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Month: January 2017

Overdraft Protection: A Riff on a White Negroni

Overdraft Protection: A Riff on a White Negroni

By now I’m sure you’ve all realized that if gin, vodka, whiskey, tequila, and rum are the main actors on the stage, there are also loads of supporting players without whom cocktails would just never happen. Two weeks ago we talked a lot about vermouth, a fortified wine that’s been infused with lots of botanicals. Vermouth’s role in a cocktail is to bring down the alcohol content, to contribute herbal elements, and to echo flavors in the main spirit. Lillet Blanc and Lillet Rouge are similar to Vermouth in that they are also fortified wines, but rather than being infused with botanicals, they have fruit liqueurs (mostly citrus) added in. This gives them a completely different taste profile with very little bitterness to speak of. They are readily available in most liquor stores, are reasonably priced, and they work well with virtually all the spirits. They are also excellent on their own as apertifs, served well-chilled over ice with a twist of citrus.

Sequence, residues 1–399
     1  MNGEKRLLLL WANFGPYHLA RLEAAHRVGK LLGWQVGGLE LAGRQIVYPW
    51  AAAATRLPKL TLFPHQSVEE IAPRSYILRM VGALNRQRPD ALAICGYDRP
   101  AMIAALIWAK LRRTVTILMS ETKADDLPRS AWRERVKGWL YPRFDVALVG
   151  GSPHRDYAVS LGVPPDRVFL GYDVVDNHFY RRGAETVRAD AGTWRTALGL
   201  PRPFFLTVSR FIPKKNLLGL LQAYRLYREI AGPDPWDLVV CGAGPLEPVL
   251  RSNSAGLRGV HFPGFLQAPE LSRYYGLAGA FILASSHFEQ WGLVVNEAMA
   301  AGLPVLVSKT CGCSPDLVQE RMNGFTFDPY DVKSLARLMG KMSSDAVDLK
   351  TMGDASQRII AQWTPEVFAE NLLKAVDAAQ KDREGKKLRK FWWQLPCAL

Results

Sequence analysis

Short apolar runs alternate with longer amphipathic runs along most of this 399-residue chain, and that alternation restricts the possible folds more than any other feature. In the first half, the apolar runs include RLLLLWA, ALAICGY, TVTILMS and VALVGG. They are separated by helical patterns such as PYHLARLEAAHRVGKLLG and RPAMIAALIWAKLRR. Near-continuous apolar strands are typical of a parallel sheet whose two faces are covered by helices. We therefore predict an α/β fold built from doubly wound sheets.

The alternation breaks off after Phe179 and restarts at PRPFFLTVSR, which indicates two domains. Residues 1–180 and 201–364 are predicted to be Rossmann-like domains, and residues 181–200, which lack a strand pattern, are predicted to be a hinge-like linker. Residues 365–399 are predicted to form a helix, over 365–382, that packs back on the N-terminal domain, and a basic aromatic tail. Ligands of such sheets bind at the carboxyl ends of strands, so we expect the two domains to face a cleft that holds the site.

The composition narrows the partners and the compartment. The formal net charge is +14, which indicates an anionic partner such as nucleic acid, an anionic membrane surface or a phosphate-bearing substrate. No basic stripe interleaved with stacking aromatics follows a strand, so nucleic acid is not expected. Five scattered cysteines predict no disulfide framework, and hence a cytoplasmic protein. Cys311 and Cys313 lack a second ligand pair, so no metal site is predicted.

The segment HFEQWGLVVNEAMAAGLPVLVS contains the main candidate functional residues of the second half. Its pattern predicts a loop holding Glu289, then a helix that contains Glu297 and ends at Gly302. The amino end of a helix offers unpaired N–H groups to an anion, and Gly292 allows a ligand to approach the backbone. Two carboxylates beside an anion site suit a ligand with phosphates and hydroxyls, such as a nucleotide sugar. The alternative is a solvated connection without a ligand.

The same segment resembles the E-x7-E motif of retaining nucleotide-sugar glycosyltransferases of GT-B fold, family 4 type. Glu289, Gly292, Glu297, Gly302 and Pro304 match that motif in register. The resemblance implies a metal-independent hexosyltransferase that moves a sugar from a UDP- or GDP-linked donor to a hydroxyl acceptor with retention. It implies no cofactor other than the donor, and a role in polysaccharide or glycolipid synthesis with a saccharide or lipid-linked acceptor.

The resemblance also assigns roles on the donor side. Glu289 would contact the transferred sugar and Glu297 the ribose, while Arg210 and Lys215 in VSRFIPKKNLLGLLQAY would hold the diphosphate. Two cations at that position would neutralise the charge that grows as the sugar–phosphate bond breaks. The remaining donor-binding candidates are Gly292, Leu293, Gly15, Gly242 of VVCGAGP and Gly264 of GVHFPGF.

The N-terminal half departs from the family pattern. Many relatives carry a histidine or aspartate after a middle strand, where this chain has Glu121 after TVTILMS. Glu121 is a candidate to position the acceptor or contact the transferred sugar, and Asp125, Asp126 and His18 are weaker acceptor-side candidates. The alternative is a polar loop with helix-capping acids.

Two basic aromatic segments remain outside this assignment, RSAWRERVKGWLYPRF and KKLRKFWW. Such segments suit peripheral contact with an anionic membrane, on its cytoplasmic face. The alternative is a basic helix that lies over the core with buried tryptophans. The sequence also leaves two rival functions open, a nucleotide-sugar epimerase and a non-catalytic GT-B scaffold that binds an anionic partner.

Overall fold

Today we’ll focus on Lillet Blanc, whose great claim to fame is that it’s one of the ingredients in the Vesper, a cocktail loved by James Bond. Blended from white Bordeaux grapes, Lillet Blanc is incredibly well-balanced, light in alcohol, and very refreshing. Being the huge Negroni fan that I am, I wanted to do a white version using Liberty Gin from Palmer Distilling in nearby Manyunk, Lillet Blanc, and Suze d’Autrefois. The Lillet Blanc replaces the sweet red vermouth in the traditional recipe for a Negroni, and the Suze replaces the Campari, bringing a good amount of floral flavor, sweetness, and bitterness all at once. All 3 spirits in this drink work extremely well together, playing off the others’ flavors, and creating a very harmonious whole. Although I thought it was fine just the way it was, I wanted to put my own spin on it and I did so by introducing some bitters. I tried a number of combinations and landed on 1 dash of Scrappy’s grapefruit bitters to liven things up, and 1 dash of DRAM lavender lemon balm bitters to smooth things out. I could definitely taste every element in this drink, starting with the clean juniper of the gin, right into the bitter sweetness of the Suze, and finishing up with the citrus and white wine notes of the Lillet Blanc.